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NASA Tests Inflatable Heat Shield Technology for Deep Space Missions

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Posted March 9, 2016
Engineers at NASA’s Langley Research Center pack the 9-foot diameter test article of HIAD to simulate how the technology would be packed into the tight confines of a rocket before an actual mission. Credits: NASA/David C. Bowman

Engineers at NASA’s Langley Research Center pack the 9-foot diameter test article of HIAD to simulate how the technology would be packed into the tight confines of a rocket before an actual mission.
Credits: NASA/David C. Bowman

Before NASA uses its new inflatable technology for slowing spacecraft that are entering the atmospheres of other planets, it will first need to be packed into the tight confines of a rocket.

Engineers at NASA’s Langley Research Center in Hampton, Virginia, recently put the technology to the test by packing a 9-foot diameter donut-shaped test article, also known as a torus, to simulate what would happen before a space mission.

Called the Hypersonic Inflatable Aerodynamic Decelerator, or HIAD, it works like a parachute, using the drag of a planet’s atmosphere to slow the space vehicle as it descends toward the surface. Slowing the spacecraft protects it from the intense heat of atmospheric entry, and allows it to land more softly.

Test engineer Sean Hancock folds the HIAD 9-foot diameter test article to simulate what would happen before an actual space mission. HIAD is used for slowing spacecraft that are entering the atmospheres of other planets. Credits: NASA/David C. Bowman

Test engineer Sean Hancock folds the HIAD 9-foot diameter test article to simulate what would happen before an actual space mission. HIAD is used for slowing spacecraft that are entering the atmospheres of other planets.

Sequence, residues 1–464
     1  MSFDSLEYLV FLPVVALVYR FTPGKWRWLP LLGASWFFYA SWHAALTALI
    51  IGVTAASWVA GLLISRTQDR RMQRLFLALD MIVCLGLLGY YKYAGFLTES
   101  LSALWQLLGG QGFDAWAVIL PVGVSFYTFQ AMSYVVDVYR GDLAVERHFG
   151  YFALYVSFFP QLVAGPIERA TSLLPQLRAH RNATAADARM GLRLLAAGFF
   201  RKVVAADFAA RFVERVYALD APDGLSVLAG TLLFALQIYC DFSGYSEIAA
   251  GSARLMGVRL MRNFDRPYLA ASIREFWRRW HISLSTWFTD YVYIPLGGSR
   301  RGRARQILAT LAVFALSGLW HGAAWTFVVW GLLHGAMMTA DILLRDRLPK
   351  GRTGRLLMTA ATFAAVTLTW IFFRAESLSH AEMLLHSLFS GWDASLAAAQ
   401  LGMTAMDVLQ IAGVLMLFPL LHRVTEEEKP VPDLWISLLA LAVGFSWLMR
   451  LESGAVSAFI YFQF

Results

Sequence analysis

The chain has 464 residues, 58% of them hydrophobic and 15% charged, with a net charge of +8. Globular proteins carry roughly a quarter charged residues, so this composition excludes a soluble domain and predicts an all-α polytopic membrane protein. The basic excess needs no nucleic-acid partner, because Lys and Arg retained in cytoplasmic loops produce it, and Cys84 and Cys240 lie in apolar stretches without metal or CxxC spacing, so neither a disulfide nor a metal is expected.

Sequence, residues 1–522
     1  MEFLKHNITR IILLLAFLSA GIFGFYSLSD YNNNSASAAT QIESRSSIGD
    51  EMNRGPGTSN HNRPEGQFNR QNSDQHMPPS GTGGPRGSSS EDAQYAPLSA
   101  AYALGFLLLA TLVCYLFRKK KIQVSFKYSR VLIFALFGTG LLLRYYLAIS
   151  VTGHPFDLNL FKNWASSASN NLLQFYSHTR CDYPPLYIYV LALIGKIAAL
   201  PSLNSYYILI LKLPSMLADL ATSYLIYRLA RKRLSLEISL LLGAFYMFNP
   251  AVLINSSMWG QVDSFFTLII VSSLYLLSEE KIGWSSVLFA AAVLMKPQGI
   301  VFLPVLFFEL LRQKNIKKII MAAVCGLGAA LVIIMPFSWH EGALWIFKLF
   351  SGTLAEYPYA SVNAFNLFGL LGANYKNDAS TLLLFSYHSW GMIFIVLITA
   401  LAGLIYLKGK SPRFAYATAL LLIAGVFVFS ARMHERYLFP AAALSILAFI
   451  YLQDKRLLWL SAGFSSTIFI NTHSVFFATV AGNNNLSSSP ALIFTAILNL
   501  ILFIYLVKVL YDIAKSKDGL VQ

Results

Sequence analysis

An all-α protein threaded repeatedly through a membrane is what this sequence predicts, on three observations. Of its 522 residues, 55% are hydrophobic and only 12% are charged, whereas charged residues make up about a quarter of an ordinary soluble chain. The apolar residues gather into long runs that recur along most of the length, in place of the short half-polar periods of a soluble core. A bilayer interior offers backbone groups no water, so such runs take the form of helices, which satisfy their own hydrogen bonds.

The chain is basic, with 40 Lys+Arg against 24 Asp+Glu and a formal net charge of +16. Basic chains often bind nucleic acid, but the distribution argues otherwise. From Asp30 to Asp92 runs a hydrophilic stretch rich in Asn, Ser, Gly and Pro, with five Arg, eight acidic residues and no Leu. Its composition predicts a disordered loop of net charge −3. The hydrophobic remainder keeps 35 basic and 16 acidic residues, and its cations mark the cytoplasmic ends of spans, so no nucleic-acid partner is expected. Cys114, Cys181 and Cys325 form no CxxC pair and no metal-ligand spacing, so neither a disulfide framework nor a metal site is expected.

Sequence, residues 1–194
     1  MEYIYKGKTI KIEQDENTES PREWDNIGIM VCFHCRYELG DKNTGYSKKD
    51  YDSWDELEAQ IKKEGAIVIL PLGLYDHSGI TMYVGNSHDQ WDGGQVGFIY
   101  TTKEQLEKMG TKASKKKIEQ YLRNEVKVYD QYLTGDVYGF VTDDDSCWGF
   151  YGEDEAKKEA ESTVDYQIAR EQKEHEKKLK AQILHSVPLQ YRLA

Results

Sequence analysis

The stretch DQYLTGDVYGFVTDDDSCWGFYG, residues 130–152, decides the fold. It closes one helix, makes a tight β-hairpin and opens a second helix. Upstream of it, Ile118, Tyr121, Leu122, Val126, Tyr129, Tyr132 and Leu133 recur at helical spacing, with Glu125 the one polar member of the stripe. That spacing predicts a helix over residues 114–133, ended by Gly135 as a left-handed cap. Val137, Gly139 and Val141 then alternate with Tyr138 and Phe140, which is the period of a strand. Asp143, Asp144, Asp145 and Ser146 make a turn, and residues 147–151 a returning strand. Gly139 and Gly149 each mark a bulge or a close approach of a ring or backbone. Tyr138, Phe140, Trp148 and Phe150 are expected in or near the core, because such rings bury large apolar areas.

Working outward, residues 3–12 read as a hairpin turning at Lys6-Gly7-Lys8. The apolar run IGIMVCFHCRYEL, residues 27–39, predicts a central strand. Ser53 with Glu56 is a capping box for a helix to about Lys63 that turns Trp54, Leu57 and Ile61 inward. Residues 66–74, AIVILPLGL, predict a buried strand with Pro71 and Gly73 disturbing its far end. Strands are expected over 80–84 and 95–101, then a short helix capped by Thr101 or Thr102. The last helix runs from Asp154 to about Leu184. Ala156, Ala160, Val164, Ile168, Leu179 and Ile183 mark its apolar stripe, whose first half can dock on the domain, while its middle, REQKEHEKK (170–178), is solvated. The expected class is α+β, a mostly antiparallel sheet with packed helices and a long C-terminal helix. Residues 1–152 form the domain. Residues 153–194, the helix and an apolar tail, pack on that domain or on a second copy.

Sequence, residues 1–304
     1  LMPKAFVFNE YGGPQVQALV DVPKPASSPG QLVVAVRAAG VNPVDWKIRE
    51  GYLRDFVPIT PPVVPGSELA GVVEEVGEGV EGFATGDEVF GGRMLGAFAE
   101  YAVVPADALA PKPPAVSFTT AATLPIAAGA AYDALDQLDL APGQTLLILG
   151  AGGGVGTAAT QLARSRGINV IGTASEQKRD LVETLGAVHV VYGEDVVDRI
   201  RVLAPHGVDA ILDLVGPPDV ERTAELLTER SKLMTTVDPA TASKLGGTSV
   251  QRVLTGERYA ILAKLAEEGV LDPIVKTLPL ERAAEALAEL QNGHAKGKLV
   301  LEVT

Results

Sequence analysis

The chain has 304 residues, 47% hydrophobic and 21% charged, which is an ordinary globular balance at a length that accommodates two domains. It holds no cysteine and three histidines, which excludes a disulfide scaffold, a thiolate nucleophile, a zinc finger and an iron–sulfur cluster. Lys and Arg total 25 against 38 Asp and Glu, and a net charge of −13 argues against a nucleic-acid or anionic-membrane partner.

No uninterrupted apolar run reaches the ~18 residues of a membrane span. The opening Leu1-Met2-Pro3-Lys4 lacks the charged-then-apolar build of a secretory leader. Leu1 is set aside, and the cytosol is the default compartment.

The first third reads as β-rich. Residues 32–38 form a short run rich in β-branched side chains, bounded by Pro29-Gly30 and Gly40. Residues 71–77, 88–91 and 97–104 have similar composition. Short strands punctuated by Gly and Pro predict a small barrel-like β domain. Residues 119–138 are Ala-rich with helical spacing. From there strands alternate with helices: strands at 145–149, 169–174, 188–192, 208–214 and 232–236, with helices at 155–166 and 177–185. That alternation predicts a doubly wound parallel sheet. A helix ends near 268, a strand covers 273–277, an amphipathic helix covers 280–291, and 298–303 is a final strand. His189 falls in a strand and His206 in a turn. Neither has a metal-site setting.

Credits: NASA/David C. Bowman

“During testing, we used a vacuum pump to compress the test article into a small space,” said Keith Johnson, a lead engineer for the project. “We packed and unpacked it and did thorough inspections to check for leaks and damage to the Zylon and Teflon materials. We repeated this three times.”

The technology will enable the delivery of heavy cargo, science instruments and people to other worlds. It could also be used to retrieve cargo from the International Space Station and return it to Earth.

According to Langley test engineer Sean Hancock, HIAD was packed the same way each time to see how the material would handle folding, packing, and compressing. Doing so helps engineers understand how it would perform after exposure to handling, storage and deployment during a space flight mission.

“The test included all the components for the latest inflatable torus design, so it was a good final check to prove that the materials can tolerate packing,” Johnson said. “After demonstrating the design and materials, we can focus on extending this to a larger scale.”

After successful testing, NASA engineers can move forward in the development of creating a larger HIAD that can withstand the stress of being tightly packed in a rocket and the high temperatures experienced when it descends through the atmosphere of a planet such as Mars.

“All these tests build on each other to help demonstrate the performance of the system, and in the end, we’ll have a complete system that will be tested to show that it can meet the requirements for a space flight mission whether it’s going to be returning a vehicle to Earth or future Mars missions,” Johnson said.

NASA’s Hypersonic Inflatable Aerodynamic Decelerator (HIAD) lead engineer Keith Johnson inflates a 9-foot diameter test article of the technology. HIAD could give NASA more options for future planetary missions, because it could allow spacecraft to carry larger, heavier scientific instruments and other tools for exploration. Credits: NASA/David C. Bowman

NASA’s Hypersonic Inflatable Aerodynamic Decelerator (HIAD) lead engineer Keith Johnson inflates a 9-foot diameter test article of the technology. HIAD could give NASA more options for future planetary missions, because it could allow spacecraft to carry larger, heavier scientific instruments and other tools for exploration.
Credits: NASA/David C. Bowman

Source: NASA

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